What your New Year's Resolutions tell us about the way you think

It's a little late, but I kind of love these 2013 props made by PaperandPancakes on Etsy.

How did you write your New Year's resolutions? I don't mean, like, the tools you used — pencil and paper vs. tablet and bluetooth keyboard. What I'm talking about is how you put the goals into words — how you described what it was you wanted to do.

There's more than one way to make a resolution.

A couple of weeks ago, I ran across a great example of this in an old sociology paper from 1977. Researchers had collected New Year's resolutions from two groups of 6th graders — one of average middle class kids, and another group made up of Amish and Mennonites.

The researchers meant to study differences in gender. They were trying to figure out how different cultural backgrounds affected behavior that we tend to associate with one gender or another. But in that data, they noticed something odd, something they couldn't easily translate into statistics. The Amish kids' resolutions were different from those of the "normal" children.

Average kids in the 1970s wrote resolutions in a way that was pretty familiar to me, and probably to you. They focused on goals. One kid wanted to raise his rank in Boy Scouts. Another wanted to improve her swimming time by 10 seconds. Other kids wanted to get an "A" in a class, instead of a "B". There was nothing really surprising here.

And the Amish kids had similar goals in mind. The difference is that their resolutions weren't about the goals. They focused on the process of getting there. Instead of resolving to get a better grade, for instance, the Amish kids resolved to spend more time doing their math problems. What's more, the Amish kids made resolutions that were much more related to the experiences they were already familiar with. The middle class kids might resolve to climb a local mountain or learn to scuba dive. But the Amish kids's resolutions were focused on stuff like working faster at chores, so they all get done on time.

These might seem like relatively small differences, but when small differences so clearly form a delineation between two cultures, social scientists pay attention.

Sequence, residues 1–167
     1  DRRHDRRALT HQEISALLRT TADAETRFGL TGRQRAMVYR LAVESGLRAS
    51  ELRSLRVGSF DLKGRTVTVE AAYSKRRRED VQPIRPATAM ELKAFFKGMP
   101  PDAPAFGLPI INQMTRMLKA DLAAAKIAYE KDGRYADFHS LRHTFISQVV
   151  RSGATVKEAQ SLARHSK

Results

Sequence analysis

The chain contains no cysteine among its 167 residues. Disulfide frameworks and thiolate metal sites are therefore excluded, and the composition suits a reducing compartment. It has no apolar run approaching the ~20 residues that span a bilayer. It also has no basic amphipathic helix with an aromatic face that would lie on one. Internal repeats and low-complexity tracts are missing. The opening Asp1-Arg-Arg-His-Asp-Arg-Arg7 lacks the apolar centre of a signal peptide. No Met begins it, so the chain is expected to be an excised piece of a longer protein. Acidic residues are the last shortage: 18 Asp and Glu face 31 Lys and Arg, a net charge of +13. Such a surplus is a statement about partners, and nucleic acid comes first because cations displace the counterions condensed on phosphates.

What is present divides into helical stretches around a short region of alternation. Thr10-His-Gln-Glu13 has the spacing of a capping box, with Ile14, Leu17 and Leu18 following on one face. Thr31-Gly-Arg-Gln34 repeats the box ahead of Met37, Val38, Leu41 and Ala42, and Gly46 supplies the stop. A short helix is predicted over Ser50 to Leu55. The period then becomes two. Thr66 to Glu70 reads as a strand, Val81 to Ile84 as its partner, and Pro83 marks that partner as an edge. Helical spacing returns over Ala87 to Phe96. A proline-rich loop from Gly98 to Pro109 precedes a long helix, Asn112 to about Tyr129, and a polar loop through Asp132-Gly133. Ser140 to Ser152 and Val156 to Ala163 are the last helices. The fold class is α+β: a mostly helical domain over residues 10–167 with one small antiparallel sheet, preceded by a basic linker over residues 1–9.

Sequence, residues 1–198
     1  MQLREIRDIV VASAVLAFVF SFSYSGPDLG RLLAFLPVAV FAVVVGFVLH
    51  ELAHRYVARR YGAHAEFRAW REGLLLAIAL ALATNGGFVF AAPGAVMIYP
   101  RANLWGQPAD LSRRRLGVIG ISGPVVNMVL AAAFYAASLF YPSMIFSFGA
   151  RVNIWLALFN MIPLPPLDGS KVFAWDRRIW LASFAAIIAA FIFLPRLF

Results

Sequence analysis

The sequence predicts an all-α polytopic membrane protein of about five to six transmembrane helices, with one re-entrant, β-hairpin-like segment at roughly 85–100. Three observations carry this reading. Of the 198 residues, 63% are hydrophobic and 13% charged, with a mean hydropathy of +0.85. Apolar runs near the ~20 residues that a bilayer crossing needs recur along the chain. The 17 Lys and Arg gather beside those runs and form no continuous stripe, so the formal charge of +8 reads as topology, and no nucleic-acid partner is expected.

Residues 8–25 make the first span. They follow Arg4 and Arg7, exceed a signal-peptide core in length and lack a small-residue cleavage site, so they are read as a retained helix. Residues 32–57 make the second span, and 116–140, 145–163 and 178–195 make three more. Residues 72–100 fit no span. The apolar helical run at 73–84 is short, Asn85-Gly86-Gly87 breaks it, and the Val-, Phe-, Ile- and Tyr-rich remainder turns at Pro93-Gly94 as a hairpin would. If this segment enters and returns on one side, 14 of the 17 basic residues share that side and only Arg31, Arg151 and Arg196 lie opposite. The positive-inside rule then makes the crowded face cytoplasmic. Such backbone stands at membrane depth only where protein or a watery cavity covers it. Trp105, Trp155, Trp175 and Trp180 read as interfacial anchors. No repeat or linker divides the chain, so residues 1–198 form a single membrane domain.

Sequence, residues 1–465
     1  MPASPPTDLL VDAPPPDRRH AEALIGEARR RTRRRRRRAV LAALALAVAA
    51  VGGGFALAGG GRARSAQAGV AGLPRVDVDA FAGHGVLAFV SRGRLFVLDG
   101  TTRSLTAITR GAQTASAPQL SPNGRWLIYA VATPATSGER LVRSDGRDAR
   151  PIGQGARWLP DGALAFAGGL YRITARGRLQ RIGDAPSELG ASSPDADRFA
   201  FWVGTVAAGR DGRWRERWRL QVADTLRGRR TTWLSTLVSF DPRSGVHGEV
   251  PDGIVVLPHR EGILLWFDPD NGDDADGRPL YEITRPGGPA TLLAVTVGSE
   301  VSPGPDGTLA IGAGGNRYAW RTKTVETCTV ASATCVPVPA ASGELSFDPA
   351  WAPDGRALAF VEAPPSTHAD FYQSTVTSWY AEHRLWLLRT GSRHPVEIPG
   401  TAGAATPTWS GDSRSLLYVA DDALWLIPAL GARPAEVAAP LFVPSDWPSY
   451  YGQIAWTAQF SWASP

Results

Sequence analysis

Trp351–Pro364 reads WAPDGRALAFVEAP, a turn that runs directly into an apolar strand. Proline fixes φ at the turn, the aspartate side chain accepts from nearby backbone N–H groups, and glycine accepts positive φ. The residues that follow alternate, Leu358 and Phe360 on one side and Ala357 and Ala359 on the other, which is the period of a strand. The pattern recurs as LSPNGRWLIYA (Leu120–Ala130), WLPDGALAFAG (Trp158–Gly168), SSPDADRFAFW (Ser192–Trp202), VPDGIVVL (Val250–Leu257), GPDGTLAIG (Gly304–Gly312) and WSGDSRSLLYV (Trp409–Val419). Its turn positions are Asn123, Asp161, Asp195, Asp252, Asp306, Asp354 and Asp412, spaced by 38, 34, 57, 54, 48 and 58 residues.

Hazel Markus is one of those people. She's a professor of behavioral sciences at Stanford and she told me that the 1977 study of New Year's resolutions reminded her of a study in a paper she published in 1999.

In that study, Markus and her team recruited two groups of people from the waiting areas at the San Francisco airport. The first group was made up of people who had been born in America, and who spoke English at home. The second group was made up of people who were born in Korea or China, they were citizens of those countries, and their primary language was Chinese or Korean. One at a time, each of these people was asked to fill out a survey. Afterwards, they were told that they could pick a pen as a thank-you gift, and were offered a selection to choose from.

Most of the pens were one color — orange, say — while one or two would be a different color — green. The participants made their choices individually, but there was a distinct pattern to the choices they made.

Seventy-four percent of the Americans chose the color that was least common. If there was one green pen and four orange, they went with the green. In the group from Korea and China, that tendency was completely reversed, with only twenty-four percent of them choosing the less-common color.

To Markus, this is representative of differences in culture. In multiple studies, she's seen evidence that Americans look favorably on uniqueness in a way that a lot of other cultures don't. Here, it's not just okay to be unique. Standing out is part of how we create public identities. It's actively encouraged.

That doesn't seem to be true in most East Asian cultures, she told me. There, people have more of a tendency to think about themselves and their identity in terms of relationships to other people and community. You want to be a part of something. You don't want to be the person who is trying too hard to be different.

Markus calls this a difference between individualism and collectivism. But she also said that you can't just simply draw a line and say Americans are like this and Chinese are like this. It's more complicated than that, because the preference for individualism varies a lot within American society.

And that brings us back to those Amish kids. Certain cultures within the US tend to be less individualistic, Markus said. And the Amish community is one of those.